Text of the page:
In the first quarter of 2011,The Sydney Morning Herald’s Eric Johnson reported on Commonwealth Bank’s (CBA.AX) decision to raise home mortgage rates by 45 basis points, or almost one-half a percent. According to Ralph Norris, Commonwealth Bank’s CEO, raising rates was the right thing to do for the bank’s shareholders. (Raising rates was instrumental in the bank’s 13 percent rise in profits during the first half of the fiscal year.)
Unlike earlier naysayers, the impact of higher rates didn’t result in higher mortgage defaults. As 2011 comes to a close, Australian finance looks strong when compared with the ailing economies of other developed nations.
Australia’s 2011 mortgage rates
With Australia’s higher 2011 mortgage rates arrives a lower mortgage delinquency. According to Fitch Ratings 30 Day Dinkum Index, Australian delinquent mortgages declined to a mere 1.52% versus an approximately 1.7% delinquency rate in the second quarter. Only about 0.63% of Australian households had 90 days’ plus delinquency.
Australia’s conventional home loan rates average more than 7.30% in December 2011. Loans declined from a higher average of approximately 7.79% in the first three quarters of the year. Approximately 90% of all Australian mortgages reflect a variable rate structure.
The average Australian home mortgage is approximately $350,000 in 2011, according to the Reserve Bank of Australia. Home prices fell an average of 4% throughout the country in 2011 after a decade of steadily increasing home prices.
The nation’s bank decided to decrease mortgage lending rates in consideration of the debt crisis in Europe.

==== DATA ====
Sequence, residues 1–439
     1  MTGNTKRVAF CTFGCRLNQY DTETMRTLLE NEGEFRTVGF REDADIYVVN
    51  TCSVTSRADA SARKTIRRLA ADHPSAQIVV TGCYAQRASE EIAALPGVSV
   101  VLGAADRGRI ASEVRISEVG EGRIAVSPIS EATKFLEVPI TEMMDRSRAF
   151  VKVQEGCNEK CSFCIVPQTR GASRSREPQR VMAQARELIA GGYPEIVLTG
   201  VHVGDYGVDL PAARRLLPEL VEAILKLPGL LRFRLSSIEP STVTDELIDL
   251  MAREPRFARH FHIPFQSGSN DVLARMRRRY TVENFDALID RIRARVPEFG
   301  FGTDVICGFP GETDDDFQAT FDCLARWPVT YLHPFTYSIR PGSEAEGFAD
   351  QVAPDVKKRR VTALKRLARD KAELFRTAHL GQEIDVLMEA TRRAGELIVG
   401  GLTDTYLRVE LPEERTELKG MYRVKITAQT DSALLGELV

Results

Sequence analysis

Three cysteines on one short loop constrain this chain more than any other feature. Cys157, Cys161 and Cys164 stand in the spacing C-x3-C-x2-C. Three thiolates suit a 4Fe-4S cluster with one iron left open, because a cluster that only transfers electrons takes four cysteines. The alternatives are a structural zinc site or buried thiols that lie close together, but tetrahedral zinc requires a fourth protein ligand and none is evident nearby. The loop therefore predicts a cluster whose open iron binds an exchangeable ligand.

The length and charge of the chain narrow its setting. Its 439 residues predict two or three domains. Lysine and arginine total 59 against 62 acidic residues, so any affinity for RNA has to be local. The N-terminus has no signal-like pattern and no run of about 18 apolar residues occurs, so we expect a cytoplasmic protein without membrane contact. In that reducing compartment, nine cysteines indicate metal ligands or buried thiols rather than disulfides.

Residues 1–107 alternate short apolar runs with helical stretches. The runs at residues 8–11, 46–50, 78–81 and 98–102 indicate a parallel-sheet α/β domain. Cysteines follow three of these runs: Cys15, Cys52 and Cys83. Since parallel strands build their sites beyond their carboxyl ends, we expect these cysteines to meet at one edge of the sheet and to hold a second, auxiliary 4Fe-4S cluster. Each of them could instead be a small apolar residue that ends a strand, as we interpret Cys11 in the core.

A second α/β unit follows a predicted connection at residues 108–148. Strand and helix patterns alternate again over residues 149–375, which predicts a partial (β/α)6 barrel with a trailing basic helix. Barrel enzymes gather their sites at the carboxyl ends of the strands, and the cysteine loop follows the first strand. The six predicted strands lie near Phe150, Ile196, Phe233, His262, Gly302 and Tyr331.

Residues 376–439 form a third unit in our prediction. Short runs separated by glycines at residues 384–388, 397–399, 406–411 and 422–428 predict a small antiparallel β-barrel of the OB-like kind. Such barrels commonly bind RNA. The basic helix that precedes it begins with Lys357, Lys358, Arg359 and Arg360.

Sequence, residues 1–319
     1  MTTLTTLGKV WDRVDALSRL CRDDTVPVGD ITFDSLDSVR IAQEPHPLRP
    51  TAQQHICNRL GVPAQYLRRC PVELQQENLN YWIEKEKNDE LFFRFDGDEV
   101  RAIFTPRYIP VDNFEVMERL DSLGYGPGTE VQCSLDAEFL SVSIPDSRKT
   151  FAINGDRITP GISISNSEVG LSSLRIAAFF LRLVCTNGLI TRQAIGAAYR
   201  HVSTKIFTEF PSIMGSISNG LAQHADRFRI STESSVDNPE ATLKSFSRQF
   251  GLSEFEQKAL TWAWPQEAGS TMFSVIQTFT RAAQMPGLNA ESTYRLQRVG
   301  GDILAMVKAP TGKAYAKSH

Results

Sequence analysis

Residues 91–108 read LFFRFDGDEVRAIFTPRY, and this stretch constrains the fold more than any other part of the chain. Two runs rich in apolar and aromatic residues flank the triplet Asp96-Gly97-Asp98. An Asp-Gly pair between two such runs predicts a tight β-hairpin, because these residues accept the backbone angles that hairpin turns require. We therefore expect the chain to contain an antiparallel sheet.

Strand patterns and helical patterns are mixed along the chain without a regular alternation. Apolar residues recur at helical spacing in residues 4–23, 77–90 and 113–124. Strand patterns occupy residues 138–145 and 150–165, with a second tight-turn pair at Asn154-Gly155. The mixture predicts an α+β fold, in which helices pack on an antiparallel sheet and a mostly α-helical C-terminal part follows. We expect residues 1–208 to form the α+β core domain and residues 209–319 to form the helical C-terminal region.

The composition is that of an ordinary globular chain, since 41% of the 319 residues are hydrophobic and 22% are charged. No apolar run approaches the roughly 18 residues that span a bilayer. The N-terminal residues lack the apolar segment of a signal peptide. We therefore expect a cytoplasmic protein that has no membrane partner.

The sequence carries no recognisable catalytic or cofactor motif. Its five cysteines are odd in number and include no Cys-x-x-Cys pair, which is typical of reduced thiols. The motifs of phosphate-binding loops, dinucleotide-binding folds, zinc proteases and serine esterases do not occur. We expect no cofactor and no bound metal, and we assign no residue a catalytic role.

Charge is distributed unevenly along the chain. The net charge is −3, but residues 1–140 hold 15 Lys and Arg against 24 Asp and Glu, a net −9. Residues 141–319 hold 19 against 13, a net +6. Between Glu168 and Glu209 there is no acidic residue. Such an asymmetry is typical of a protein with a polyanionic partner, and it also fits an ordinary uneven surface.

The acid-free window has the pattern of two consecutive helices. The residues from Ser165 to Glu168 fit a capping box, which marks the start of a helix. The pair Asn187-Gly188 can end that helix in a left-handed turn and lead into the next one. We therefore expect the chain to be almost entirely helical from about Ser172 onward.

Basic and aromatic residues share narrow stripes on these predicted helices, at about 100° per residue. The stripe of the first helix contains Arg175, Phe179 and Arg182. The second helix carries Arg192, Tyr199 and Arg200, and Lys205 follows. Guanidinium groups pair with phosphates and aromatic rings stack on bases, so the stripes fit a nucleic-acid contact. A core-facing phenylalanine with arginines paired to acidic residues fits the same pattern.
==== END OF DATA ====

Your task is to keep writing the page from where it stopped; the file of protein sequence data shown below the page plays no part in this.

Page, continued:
Australia’s bellwether economy
Australia’s economy reflects many concerns of the globe in 2011. The metals index increased by more than 19 percent in 2010 according to the USGS. Metals and mining companies represent the largest single Australian industry. More than 600 Aussie companies, including ASX, BHP Billiton and Rio Tinto, engage in mineral exploration and production. Rising commodities prices often signal increasing inflationary pressures.
Australia and the global economy
The world’s long-term interest rates remain at historically low levels. According to BNY Standish Mellon Advisors in Q3 2009, the world’s global debt markets’ total size increased from about USD 4 trillion in 1990 to about USD 34 trillion. The unprecedented expansion of the global debt markets makes many analysts concerned about how bond loans issued during the period by sovereign entities and corporations will be repaid.
As the United States determines to keep interest rates low, Australia’s bond yields continue to reach new lows. The 5.75% note maturing in May 2021 stand at approximately 3.87%. Concurrently, foreign investors poured money into the Australian dollar. Investors currently seek non-European denominated assets.
This, and a comparatively robust economy reflected by unemployment of approximately 5%, places Australia in strong financial position.